Al-Haideri is a construction engineer who recently fled Baghdad. And he claims that since U.N. weapons inspectors were expelled from Iraq in 1998, Saddam Hussein has begun a new crash program to develop biological, chemical even nuclear weapons a program of which al-Haideri was an unwitting part.
"Heavy work is beginning and concentrated works and they are working day and night," said al-Haideri.
With an eye toward the U.S. bombing campaign of four years ago, Al-Haideri says the Iraqis had him build high-tech, leak-proof research and storage facilities in places where they would be hard to find and difficult to destroy in hospitals, under Saddam Hussein's presidential palaces and deep in wells on farms outside Baghdad, reports CBS News Correspondent Mark Phillips.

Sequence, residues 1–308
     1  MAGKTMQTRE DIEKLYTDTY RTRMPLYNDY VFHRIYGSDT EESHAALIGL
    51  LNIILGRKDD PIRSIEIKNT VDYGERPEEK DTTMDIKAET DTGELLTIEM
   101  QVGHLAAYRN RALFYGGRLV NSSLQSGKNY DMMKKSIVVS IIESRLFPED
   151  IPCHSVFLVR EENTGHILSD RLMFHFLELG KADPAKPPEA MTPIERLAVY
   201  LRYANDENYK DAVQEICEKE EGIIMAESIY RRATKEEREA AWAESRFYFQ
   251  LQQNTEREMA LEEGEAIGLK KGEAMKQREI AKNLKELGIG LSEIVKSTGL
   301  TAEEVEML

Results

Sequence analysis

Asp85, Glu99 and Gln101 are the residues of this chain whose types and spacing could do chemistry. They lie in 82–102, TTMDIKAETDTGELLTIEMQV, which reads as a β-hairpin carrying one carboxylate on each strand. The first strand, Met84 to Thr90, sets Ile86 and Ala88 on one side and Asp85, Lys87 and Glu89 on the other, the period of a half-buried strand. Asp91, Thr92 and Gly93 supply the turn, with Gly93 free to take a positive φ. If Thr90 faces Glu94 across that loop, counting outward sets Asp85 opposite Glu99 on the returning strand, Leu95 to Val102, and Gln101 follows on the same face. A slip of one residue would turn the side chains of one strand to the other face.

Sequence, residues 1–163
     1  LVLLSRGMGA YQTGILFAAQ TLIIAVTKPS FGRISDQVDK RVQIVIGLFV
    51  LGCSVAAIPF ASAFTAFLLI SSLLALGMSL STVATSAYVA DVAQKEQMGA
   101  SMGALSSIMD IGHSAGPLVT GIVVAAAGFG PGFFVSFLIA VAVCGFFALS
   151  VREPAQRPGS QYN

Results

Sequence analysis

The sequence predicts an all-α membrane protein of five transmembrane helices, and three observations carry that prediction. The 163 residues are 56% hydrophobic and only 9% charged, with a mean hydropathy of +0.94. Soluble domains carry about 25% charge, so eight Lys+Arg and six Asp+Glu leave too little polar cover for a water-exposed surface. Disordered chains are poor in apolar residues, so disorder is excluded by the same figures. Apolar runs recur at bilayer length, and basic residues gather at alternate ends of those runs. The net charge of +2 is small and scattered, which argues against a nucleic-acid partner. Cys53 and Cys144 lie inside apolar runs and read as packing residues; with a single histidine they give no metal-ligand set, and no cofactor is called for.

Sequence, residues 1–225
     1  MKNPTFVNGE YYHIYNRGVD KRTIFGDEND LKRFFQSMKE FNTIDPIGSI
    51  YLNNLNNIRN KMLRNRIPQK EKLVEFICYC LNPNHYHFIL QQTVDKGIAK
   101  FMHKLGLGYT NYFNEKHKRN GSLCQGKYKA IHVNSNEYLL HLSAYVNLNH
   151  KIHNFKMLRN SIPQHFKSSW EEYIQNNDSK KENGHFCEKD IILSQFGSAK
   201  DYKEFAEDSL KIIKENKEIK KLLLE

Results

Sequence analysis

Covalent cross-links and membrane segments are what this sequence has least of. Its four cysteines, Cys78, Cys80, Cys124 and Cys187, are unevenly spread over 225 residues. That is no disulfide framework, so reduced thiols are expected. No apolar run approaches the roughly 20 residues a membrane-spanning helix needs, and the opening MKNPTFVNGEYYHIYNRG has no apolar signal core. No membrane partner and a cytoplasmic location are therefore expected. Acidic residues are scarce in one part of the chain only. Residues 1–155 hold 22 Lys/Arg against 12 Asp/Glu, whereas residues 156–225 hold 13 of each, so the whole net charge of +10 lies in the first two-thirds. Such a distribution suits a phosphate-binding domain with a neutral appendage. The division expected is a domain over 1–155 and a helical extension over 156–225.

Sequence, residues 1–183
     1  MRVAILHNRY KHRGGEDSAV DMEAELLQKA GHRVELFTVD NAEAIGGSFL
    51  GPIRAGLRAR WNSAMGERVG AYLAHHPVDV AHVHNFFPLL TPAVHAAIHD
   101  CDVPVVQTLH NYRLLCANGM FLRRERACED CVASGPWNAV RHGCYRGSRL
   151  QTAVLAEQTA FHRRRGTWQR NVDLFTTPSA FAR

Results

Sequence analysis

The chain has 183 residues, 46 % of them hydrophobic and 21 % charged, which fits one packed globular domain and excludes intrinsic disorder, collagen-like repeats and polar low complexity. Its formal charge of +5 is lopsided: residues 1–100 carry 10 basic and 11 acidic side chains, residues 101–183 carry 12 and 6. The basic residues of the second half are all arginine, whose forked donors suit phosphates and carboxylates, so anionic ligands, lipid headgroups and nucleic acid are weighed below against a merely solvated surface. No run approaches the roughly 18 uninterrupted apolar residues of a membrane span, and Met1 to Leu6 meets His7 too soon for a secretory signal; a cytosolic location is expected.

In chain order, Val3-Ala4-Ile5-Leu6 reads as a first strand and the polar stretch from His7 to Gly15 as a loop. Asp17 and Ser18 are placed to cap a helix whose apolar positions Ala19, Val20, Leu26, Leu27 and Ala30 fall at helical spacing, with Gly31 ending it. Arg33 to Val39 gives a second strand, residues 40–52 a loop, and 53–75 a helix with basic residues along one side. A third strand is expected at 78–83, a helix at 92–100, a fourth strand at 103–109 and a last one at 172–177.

Unlike the munitions, which are easy for inspectors to check, the wells and other facilities, Haideri says, were designed to avoid detection, if Saddam ever allows the U.N. investigators back into the country. It's a highly-mobile program, he says, where materials, which he admits he never actually saw, can be moved frequently from place to place, frustrating those looking for them.
And a former senior U.N. weapons inspector says al-Haideri's claims are credible.
"What he has described makes sense. All of the locations make sense they are all places where we know missile and chemical and biological activities were taking place in the past," said Charles Duelfer.
The U.S. has often been skeptical of similar Iraqi defectors in the past and the emergence of Adnan al -Haideri now is suspiciously convenient for those seeking the overthrow of Saddam Hussein. But al-Haideri's claims seem plausible. And CBS News has learned he's now under the protection of and being questioned by U.S. intelligence officials.
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